Chicago City Clerk Anna Valencia, Mayor Rahm Emanuel and other city and community leaders introduced the new program inside the Field Museum Thursday morning.
The Chicago CityKey will be a three-in-one card, to help people consolidate some of the cards in people's wallets. It will act as a valid, government-issued ID, a Ventra card and a library card.
"If you live in Chicago, you should feel a part of our city - not apart from it," Emanuel said. "The CityKey breaks down barriers and allows all Chicagoans to take advantage of the very best our City has to offer."
The CityKey program has been years in the making.
"We've been working incredibly hard with community members, legal professionals and city departments to create a program that's accessible to all Chicagoans, regardless of a residents housing status criminal record, immigration status or gender identity," Valencia said.
The city partnered with more than 30 businesses, cultural and financial institutions, restaurants and sports teams to offer benefits and discounts to card holders. Those benefits includes a free day at the Field Museum and up to 25 percent off of Lyft rides.
The hope is card holders will take advantage of city institutions that they may have not been able to afford or access in the past.
"It's a unifier, it's about being Chicago proud so we want everyone to get this ID card," said Valencia.
Later this year, the City said it hopes to add more benefits for card holders including a pharmaceutical prescription drug benefit regardless of health care status.
But aside from the perks, Alderman Walter Burnett noted this will help those who have difficulty getting a state traditional state ID.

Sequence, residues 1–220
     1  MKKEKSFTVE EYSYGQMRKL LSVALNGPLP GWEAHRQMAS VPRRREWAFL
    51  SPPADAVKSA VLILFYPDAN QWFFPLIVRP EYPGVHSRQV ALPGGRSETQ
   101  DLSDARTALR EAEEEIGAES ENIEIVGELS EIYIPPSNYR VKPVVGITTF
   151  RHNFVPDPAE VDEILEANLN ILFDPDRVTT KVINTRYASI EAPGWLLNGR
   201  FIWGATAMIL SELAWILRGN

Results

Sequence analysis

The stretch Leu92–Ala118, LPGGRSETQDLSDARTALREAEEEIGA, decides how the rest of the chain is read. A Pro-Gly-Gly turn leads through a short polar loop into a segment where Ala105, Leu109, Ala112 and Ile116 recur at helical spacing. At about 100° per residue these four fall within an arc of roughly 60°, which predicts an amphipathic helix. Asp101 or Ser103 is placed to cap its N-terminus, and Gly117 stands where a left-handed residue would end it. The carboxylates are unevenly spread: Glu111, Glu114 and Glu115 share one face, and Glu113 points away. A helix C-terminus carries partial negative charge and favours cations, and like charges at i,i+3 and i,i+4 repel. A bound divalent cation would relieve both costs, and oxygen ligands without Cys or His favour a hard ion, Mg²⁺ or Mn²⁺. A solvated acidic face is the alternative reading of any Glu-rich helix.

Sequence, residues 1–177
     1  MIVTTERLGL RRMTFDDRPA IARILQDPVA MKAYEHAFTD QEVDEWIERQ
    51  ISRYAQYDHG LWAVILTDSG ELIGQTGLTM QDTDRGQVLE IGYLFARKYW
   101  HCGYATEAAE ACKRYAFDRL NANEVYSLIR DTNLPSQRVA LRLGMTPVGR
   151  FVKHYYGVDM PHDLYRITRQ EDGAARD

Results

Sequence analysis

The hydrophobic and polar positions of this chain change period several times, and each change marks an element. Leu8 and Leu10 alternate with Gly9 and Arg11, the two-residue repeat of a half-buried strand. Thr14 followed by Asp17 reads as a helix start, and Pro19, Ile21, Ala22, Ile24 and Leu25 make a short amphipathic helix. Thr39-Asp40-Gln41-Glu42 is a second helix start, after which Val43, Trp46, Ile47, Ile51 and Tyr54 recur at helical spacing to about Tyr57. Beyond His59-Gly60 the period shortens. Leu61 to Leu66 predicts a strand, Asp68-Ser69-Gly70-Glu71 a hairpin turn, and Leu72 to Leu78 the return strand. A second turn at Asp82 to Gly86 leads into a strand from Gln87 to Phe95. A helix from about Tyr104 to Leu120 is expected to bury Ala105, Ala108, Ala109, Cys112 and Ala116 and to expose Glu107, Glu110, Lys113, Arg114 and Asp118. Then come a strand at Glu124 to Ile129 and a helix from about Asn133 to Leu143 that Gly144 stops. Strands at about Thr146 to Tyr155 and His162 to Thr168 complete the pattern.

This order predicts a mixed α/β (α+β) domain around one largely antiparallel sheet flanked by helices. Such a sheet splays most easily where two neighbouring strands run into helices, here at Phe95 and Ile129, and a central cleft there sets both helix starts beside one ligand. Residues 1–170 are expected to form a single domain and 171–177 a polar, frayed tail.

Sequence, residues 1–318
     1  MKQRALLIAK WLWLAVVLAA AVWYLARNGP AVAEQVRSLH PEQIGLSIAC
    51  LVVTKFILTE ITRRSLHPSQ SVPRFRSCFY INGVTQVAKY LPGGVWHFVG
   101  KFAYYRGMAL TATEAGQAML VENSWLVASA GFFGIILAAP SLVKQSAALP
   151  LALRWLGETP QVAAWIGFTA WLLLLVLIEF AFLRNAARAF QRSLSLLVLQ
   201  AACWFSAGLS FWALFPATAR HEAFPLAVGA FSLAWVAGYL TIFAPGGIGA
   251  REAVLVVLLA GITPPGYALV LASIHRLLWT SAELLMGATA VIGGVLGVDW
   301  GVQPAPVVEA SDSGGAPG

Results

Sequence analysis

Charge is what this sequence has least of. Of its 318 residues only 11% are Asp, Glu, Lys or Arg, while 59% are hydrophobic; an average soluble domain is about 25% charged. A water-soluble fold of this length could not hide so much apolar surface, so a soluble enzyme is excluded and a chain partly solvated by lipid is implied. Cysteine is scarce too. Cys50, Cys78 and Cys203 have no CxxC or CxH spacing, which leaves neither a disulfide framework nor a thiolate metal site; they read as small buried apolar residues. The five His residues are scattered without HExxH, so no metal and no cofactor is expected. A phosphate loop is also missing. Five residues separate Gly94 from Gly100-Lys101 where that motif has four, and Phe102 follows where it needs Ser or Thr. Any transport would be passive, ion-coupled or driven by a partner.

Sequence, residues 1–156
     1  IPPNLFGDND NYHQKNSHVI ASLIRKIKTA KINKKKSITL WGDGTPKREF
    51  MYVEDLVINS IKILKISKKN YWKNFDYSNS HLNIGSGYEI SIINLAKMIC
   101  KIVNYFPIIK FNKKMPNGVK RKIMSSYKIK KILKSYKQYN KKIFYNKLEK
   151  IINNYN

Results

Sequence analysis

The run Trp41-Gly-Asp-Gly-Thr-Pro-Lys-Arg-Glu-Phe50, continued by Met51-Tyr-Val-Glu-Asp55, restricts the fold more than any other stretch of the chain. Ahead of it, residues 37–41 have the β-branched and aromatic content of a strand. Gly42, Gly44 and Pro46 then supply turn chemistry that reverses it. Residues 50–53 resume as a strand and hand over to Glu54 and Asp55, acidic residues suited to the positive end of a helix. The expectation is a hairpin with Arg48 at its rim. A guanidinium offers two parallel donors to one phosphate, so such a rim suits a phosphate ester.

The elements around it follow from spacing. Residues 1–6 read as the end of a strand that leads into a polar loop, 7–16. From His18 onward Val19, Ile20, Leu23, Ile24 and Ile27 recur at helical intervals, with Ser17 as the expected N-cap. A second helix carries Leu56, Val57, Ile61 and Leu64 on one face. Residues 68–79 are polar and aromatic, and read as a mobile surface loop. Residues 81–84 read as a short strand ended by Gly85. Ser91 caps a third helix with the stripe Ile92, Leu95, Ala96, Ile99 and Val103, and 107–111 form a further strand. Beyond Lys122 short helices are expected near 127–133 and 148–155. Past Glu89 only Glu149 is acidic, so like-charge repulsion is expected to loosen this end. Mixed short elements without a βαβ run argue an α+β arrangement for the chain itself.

"Some folks can't get a place to live, can't get a job, can't do a lot of things, if they don't have an ID. So this will be very helpful for them." Burnett added, "Especially guys coming out of prison. They don't have anything. They can't get a job because they don't have an ID. We end up dishing out cash for folks to get IDs."
Chicago resident, Lynn Watkins said she plans to sign up for the program, but hopes the city will expand the benefits to help those in lower income areas.
"I hope that then we could partner with CTA, because someone these people might not have funding to get to some of the cultural institutions. So let's look at it broadly, as we are giving these opportunities. But we also need to partner city agencies to ensure that there is this cultural link for those in a cultural desert," Watkins said.
Elliot Powell said he is still undecided but sees the CityKey program as a step into the future.
"We're getting away from cash and we're moving more towards cards or apps or something like that," Powell said.
Starting Thursday, residents can sign up to apply for a CityKey card on the City Clerk's website. Valencia said the first 100,000 to sign up will get their IDs for free. After that, the cards will be $10 for adults, $5 for minors and free for residents who are 65 and older.
The card program is voluntary. City officials said all information collected for the ID will be kept private.
The first round of IDs will be printed on Monday, with a mobile printing station available at Kennedy-King College in Englewood from 10 a.m. - 7 p.m. Valencia said those mobile printing stations will circulate throughout the city in an effort to make it easier for residents to get an ID.
Conservatives have criticized the program, claiming it could open a door to voter fraud. When questioned by reporters, Emanuel called those claims a "red herring."
"It's about cultural equity and allowing our community to come and feel a part of what's going on downtown," the mayor said.
To see a list of CityKey benefits and how to apply, visit www.chicityclerk.com/chicagocitykey